NewSequentialId was interesting, but not being able to call it directly was a non-starter for us.
I found 2 implementations for NewSequentialID in an extended stored procedure, so you could use it in SQL 2000: xpguid and yaflaguid (the later includes source code, it also has an implementation of an alternate algorithm)
This is an email I originally sent to some coworkers, with some links for more information.
MSDN NewSequential ID Documentation
I came across this new SQL 2005 function - NewSequentialID() -, and I thought you might be interested.
Microsoft’s first implementation of Universally Unique IDs (GUIDs) used the network card MAC address, which is unique by itself, plus some randomized and counter data. However, there was some uproar about it infringing on privacy: it was first used in Office as internal document structure identifiers, and it was possible to determine the originating computer based on the ID (since it embedded the 6 byte MAC address). MS changed the default algorithm so you wouldn’t use the MAC address (I think it still uses it, but only as an aid, and you couldn’t reconstruct it from it). NewSequentialID()/UuidCreateSequential go back to using the MAC address for a simplified algorithm with some advantages on a DB design (ie, clustering on the primary key)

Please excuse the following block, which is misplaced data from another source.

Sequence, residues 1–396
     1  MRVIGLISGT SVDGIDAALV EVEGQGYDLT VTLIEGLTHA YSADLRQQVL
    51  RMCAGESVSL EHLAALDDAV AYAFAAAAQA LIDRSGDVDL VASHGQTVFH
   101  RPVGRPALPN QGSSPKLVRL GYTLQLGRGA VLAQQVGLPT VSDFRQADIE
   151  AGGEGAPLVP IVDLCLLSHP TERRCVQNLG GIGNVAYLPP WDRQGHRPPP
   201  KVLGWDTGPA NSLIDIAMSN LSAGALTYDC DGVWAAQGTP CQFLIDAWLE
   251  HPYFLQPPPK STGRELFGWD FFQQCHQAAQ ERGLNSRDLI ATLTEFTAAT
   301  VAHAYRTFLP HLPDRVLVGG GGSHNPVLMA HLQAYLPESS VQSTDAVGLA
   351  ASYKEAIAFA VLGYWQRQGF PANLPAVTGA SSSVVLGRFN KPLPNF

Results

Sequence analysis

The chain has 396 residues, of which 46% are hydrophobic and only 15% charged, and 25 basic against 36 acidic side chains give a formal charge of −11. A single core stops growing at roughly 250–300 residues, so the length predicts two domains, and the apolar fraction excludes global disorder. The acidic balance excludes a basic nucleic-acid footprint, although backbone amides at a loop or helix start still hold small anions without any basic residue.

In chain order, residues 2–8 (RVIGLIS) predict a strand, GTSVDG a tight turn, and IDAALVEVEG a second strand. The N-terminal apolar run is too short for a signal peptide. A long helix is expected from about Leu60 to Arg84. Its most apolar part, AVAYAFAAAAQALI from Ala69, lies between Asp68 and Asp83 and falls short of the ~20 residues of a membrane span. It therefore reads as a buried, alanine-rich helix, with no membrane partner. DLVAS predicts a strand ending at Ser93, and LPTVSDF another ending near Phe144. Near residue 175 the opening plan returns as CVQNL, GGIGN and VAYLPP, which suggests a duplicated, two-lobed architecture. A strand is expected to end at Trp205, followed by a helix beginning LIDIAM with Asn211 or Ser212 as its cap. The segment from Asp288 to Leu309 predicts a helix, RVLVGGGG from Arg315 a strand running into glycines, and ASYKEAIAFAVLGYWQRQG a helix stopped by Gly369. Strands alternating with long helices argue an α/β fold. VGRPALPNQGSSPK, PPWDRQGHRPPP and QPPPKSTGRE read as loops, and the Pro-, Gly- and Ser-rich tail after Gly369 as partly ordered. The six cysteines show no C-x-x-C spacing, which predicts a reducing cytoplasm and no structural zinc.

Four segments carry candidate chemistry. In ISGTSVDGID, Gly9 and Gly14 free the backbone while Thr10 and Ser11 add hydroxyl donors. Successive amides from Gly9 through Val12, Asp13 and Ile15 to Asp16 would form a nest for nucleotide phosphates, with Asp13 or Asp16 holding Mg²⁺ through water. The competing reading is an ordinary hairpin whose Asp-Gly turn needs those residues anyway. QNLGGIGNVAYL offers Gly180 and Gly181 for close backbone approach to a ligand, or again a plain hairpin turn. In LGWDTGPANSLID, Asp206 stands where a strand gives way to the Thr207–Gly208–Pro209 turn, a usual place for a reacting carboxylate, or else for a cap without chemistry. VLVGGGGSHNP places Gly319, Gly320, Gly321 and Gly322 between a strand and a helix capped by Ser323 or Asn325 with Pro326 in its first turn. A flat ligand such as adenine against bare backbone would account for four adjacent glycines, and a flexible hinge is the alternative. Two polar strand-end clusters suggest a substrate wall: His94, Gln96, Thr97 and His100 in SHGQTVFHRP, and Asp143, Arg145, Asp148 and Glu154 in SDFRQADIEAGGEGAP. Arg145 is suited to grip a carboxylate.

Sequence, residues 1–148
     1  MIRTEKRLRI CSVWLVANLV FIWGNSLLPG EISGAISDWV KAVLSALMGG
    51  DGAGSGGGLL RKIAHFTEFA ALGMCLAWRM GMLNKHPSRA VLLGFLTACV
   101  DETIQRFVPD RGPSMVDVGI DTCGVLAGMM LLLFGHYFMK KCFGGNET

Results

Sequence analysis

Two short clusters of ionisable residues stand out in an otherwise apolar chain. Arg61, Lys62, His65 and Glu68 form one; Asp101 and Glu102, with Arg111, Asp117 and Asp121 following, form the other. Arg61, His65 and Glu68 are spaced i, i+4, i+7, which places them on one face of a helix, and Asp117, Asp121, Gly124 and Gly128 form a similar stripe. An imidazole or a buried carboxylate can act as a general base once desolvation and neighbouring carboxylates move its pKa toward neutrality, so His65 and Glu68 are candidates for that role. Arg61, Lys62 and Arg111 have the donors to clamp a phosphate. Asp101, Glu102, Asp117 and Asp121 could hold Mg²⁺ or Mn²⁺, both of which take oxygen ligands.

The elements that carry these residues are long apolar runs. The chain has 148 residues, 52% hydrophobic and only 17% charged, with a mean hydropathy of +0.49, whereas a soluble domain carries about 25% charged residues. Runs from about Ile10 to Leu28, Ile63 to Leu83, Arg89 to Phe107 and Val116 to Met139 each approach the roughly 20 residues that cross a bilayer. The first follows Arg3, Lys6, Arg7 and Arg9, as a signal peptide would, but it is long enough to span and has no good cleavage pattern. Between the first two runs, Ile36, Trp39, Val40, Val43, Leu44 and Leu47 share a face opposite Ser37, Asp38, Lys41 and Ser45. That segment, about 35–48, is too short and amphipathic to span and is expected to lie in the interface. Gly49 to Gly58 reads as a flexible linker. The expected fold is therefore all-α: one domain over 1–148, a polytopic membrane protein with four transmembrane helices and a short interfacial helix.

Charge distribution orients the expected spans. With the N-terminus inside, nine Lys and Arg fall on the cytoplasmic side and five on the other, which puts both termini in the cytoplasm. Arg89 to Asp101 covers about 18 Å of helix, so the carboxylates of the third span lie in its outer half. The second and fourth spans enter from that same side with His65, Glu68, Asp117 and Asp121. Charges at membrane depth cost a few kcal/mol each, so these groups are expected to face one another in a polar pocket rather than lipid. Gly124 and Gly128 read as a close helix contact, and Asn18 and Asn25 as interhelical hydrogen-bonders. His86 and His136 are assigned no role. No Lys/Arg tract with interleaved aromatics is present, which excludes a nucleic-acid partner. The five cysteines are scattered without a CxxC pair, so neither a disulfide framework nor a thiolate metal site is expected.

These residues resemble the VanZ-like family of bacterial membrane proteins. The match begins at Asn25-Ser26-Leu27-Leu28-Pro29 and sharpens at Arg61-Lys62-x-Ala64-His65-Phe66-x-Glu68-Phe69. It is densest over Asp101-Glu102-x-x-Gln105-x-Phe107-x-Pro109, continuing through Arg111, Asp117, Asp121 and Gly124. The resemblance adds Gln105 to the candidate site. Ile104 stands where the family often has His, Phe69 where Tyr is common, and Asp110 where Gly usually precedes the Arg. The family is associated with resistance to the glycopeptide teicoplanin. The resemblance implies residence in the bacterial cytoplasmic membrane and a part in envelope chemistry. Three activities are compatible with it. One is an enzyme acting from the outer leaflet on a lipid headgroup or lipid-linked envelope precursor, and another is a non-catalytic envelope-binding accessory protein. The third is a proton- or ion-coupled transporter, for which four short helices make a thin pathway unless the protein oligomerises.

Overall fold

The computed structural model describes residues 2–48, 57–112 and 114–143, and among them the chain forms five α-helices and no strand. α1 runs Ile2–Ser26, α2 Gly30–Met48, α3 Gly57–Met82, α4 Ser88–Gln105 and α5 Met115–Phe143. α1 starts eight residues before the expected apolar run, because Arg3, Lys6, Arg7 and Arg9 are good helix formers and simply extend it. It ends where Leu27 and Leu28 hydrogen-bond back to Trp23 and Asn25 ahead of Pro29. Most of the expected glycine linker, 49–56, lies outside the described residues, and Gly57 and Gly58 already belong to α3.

Blog entry describing the SQL developer’s logic and some notes on the implementation of NewSequentialID() by calling UuidCreateSequential. It’s interesting that they saw duplicate GUID generation on AMD 64 systems (and that they fixed it, albeit using a mutex). This is probably the reason why you can't call it directly.
A blog entry indicating that duplicates are being generated. However, his interpretation of the manual kind of makes me think that he might have some other issues. One of the posts kind of implies that there might be an issue with uniqueness on a cluster. You probably want to research it further if you want to use this function.
SQL Server Magazine article about it (if you have a subscription).
Someone that sat down to test performance of a GUID vs integers. The conclusion was that if you design properly, there is little or no difference in performance.
What no one seems to have stated is that (I think) the reason why a GUID is so close to an integer in performance is because the CPU word size has gotten bigger, and because the CPU is routinely waiting for other subsystems, and because the extra overhead involved in using data types smaller than the CPU word size more than compensates for the GUIDs large size. This is even truer now with 64 bits CPU (which is kind of why I initially justified GUIDs to myself when the first details on the Itanium where available).
More performance testing, and another alternative to random GUIDs, COMBs – using dates combined with a guid to generate an ordered GUID (same/similar thing the one above does in one of the tests).
A long thread on the good and bad of GUIDs (I found some of the links above here).
Also, it seems that the table designer is not aware of NewSequentialId() as a valid default value, and it displays some warnings when you create/modify a table using it. I don't know if SQL 2005 SP1 fixed this.